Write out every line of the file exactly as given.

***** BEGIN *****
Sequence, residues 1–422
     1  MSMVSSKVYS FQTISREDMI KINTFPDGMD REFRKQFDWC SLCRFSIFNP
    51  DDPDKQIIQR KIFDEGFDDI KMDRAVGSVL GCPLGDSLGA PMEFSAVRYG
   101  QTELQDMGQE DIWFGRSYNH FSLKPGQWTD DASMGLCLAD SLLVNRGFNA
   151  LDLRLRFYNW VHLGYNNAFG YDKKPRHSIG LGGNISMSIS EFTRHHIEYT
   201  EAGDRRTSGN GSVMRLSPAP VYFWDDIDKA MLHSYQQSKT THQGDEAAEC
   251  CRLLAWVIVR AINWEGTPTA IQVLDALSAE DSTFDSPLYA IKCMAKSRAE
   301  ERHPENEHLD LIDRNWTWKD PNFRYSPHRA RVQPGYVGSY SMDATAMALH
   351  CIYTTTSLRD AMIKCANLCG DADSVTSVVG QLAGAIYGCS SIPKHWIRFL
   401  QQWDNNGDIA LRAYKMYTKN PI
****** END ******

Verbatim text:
Sequence, residues 1–422
     1  MSMVSSKVYS FQTISREDMI KINTFPDGMD REFRKQFDWC SLCRFSIFNP
    51  DDPDKQIIQR KIFDEGFDDI KMDRAVGSVL GCPLGDSLGA PMEFSAVRYG
   101  QTELQDMGQE DIWFGRSYNH FSLKPGQWTD DASMGLCLAD SLLVNRGFNA
   151  LDLRLRFYNW VHLGYNNAFG YDKKPRHSIG LGGNISMSIS EFTRHHIEYT
   201  EAGDRRTSGN GSVMRLSPAP VYFWDDIDKA MLHSYQQSKT THQGDEAAEC
   251  CRLLAWVIVR AINWEGTPTA IQVLDALSAE DSTFDSPLYA IKCMAKSRAE
   301  ERHPENEHLD LIDRNWTWKD PNFRYSPHRA RVQPGYVGSY SMDATAMALH
   351  CIYTTTSLRD AMIKCANLCG DADSVTSVVG QLAGAIYGCS SIPKHWIRFL
   401  QQWDNNGDIA LRAYKMYTKN PI